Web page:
Bastedo, Michael Bowman, Nicholas Anchoring Bias in World University Rankings When people make judgments in which the answer is ambiguous, they often start with a particular value that is available to them, and then adjust (insufficiently) from this value when making their final judgment. This is called an anchoring effect. Examining several years of the recent Times Higher Education world university rankings, we find significant anchoring effects.

Controlling for previous reputational assessments and other factors, the inaugural university rankings have a significant effect on institutional reputation, whereas no such effect is apparent for subsequent years of the rankings.

Papadimitriou, Antigoni Ursin, Jani Higher education policies and their effects on universities – the cases of quality reform in Greece and university mergers in Finland The purpose of the paper is to study organizational change of universities in Greece and Finland from the perspectives of quality reform (Greece) and university mergers (Finland). What do these reforms reveal about the dynamics of different HE policy contexts and interplay between macro and micro levels? The data in both countries consists of documents and interviews with academic staff and students. In order to answer the research question we will pull together theories from policy convergence and/or divergence, policy implementation and neo-institutional theory.

Lepori, Benedetto Fumasoli, Tatiana Mapping and explaining diversity and differentiation processes in Swiss higher education This paper presents an analysis of differentiation processes in Swiss higher education in the period 1990-2007. We first analyse systems’ boundaries and organizational forms, documenting a process of strong expansion of the field (both in terms of resources and number of students), as well as the emergence of a new distinctive form, namely Universities of Applied Sciences, alongside universities and professional education institutions. Second, we provide a quantitative analysis of diversity of institution alongside different dimensions of their profile (research vs. education, subject specialisation etc.), as well as of its evolution in the considered period.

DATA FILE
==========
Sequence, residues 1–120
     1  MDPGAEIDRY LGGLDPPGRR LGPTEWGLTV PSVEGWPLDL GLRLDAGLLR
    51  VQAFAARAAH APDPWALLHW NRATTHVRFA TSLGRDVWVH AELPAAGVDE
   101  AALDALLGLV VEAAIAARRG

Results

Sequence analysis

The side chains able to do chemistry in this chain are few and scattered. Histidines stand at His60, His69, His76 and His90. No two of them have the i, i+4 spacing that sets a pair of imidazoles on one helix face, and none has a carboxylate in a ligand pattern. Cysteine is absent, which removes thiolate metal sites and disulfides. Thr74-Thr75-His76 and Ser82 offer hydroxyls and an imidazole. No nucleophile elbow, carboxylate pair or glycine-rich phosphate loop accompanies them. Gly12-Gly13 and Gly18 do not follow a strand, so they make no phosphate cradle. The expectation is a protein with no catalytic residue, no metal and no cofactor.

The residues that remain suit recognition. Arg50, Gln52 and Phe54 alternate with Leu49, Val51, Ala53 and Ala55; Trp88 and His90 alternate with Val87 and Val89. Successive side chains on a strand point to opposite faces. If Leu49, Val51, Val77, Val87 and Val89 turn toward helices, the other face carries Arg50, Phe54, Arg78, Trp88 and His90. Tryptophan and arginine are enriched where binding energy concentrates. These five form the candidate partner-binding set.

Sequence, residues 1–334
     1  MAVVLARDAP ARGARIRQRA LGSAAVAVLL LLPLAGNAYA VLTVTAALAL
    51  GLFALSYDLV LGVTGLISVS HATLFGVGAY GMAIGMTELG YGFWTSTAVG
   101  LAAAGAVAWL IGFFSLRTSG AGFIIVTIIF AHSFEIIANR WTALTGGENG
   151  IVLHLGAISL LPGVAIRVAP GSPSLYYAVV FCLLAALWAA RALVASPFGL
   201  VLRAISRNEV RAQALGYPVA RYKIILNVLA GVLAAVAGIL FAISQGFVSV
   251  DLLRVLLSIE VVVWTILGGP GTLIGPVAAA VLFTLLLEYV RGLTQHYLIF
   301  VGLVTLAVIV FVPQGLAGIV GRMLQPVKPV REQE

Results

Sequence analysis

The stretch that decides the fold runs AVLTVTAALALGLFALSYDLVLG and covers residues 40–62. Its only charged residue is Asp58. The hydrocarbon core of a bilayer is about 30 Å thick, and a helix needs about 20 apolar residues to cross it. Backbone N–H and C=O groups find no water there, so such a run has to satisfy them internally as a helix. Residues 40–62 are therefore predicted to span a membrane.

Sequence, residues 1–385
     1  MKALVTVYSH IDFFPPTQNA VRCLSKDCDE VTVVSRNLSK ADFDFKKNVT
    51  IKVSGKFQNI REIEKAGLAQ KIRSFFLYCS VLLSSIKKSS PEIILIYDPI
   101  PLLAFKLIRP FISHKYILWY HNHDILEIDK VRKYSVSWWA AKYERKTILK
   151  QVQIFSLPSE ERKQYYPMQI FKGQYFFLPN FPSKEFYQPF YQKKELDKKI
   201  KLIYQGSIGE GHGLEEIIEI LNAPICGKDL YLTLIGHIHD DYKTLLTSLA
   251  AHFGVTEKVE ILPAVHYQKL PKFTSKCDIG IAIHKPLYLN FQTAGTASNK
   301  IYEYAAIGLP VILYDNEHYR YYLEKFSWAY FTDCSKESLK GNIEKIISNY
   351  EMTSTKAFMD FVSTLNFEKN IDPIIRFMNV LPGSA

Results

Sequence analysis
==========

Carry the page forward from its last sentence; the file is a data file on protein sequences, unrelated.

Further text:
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Track 2Ba – Grupperom 4 Funding of HE: Effects of policy on funding (tuition fees) (chaired by Bruce Johnstone)

Franke, Ray Purdy, William C. Financing higher education – lessons from the United States and implications for Europe Two of Europe’s goals in higher education reform are to review student fees and to allow Europeans the use of grants and loans anywhere on the Continent they seek tertiary education. Before reforms proceed, lessons from across the Atlantic ought to be learned. We will demonstrate here the experiences of the United States by reviewing and analyzing recent data on federal, state, and institutional student aid programs, showcasing which practices work best—all toward the goal of providing a template for Europe. We particularly focus on federal, state, and institutional grants (merit and need-based), and on federal educational tax credits.

Wangenge-Ouma, Gerald Tuition fees in higher education: the challenge of making higher education a popular commodity in South Africa The funding of higher education in South Africa has continuously been a subject of animated debate. At present, the debate is mainly about free higher education. Unlike most African

countries, South Africa has an established history of cost sharing. However, for a while now, students have been demanding tuition free higher education. This paper is a sequel to the debate on free higher education in South Africa. It seeks, in the main, to understand and examine the rationale and drivers for the students demand for free higher education. Is cost sharing inconsistent with the country’s post-apartheid higher education transformation policy?